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Skipping Net+ straight to ICND1?

TechnicalJayTechnicalJay Member Posts: 219 ■■■□□□□□□□
Hey Guys,

I see a lot of people suggest studying for Net+ like you're going to be taking the exam but actually skipping it and then studying for ICND1. Does this make the most sense or is it a money issue?

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    stunnedsoupstunnedsoup Member Posts: 120
    I kind of had a similar question before I began my Cisco Journey.

    Here are some past threads where these two are discussed:
    http://www.techexams.net/forums/network/73798-ccna-network.html <-- CCNA is mentioned but I think the discussion is cool though.
    http://www.techexams.net/forums/ccna-ccent/63034-ccent-vs-network.html
    Cisco: CCENT COLOR=#ff0000]&#10004;[/COLOR CCNA COLOR=#ff0000]&#10004;[/COLOR || MCSE: 70-410 COLOR=#ff0000]&#10004;[/COLOR 70-411 [ ] 74-409 COLOR=#ff0000]&#10004;[/COLOR 70-534 [ ] || VMWare: VCP [ ]
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    NetworkNewbNetworkNewb Member Posts: 3,298 ■■■■■■■■■□
    There is good information in the Network+ exam for people starting out in networking. Personally I feel alot of the information is just memorizing facts that after you take the test you will most likely not remember and have to look up anyways... And the INCD1 covers basic networking too.

    Pair that with the fact that Net+ is not cheap to take, is the reason most people say skip it. But it is beneficial to look over the information on it to get an idea of some of the basics that ICND1 doesn't cover.
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    TechnicalJayTechnicalJay Member Posts: 219 ■■■□□□□□□□
    Is it true ICND1 is pretty much useless and will have to go for your CCNA before anyone recognizes you?
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    NetworkNewbNetworkNewb Member Posts: 3,298 ■■■■■■■■■□
    INCD1 has a lot of good information, its true ALOT more people will recognize CCNA and will hold a lot more value though.
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    TechnicalJayTechnicalJay Member Posts: 219 ■■■□□□□□□□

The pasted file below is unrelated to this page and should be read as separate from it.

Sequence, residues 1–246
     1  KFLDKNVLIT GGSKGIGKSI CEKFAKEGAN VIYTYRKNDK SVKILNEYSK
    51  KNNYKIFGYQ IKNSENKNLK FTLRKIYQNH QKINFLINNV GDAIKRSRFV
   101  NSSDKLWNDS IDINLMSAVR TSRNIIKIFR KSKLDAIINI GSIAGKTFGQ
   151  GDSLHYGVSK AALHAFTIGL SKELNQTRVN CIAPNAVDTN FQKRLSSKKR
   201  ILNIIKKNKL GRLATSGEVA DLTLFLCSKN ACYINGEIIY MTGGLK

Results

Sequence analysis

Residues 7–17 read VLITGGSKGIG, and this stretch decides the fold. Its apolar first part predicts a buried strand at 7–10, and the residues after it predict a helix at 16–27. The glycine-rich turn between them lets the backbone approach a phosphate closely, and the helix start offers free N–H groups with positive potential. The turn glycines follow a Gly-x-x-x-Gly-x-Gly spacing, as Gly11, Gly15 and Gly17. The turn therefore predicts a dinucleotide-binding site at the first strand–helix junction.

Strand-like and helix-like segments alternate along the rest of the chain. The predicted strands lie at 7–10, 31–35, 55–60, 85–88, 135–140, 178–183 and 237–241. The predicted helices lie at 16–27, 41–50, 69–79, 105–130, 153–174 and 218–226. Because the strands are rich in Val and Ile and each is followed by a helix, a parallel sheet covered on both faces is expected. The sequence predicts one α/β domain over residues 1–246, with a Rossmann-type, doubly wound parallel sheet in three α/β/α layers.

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    Mike RMike R Member Posts: 148 ■■■□□□□□□□
    I am in the same position as you. I'm doing a occupation change though and while I have some technical experience with LAN and WANs I have opted for the N+. I look at it as I would rather get the fundamentals down in N+ (which is built on or review in ICND1) than struggle starting out with the cisco courses. Also the for me the fact that currently I will be moving in a few months and I don't want to get a home lab and then move it was also a factor.

    True the N+ test isn't cheap ($285) but for me if I'm going to go through all the work of studying it I plan on getting the cert. Depending on how much you can study I bet most people could knock out the N+ in 4-6 weeks. Also at least for me hopefully it shows the prospective recruiter or HR that I'm willing to put in the effort on my own to learn.
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    volfkhatvolfkhat Member Posts: 1,060 ■■■■■■■■□□
    Mike R wrote: »
    True the N+ test isn't cheap ($285)...

    Save 10% with the Professor Messer voucher :]
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    networker050184networker050184 Mod Posts: 11,962 Mod
    I don't see any reason for people with CCNA aspirations to get N+ certified unless it's a hard job requirement or something.
    An expert is a man who has made all the mistakes which can be made.
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    TechnicalJayTechnicalJay Member Posts: 219 ■■■□□□□□□□
    Thanks for your input. I've decided to study like I will be taking the exam but skip it and study for ICND1
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    DoubleNNsDoubleNNs Member Posts: 2,015 ■■■■■□□□□□
    It's mostly a money issue.
    Additionally, both the Network+ and ICND1 are really useless certs. You probably won't find a recruiter/manager that cares about either. but at least the ICND1 will allow you to put "Cisco" on your resume for keyword searches.
    You won't really start getting recognition until you hit CCNA, however.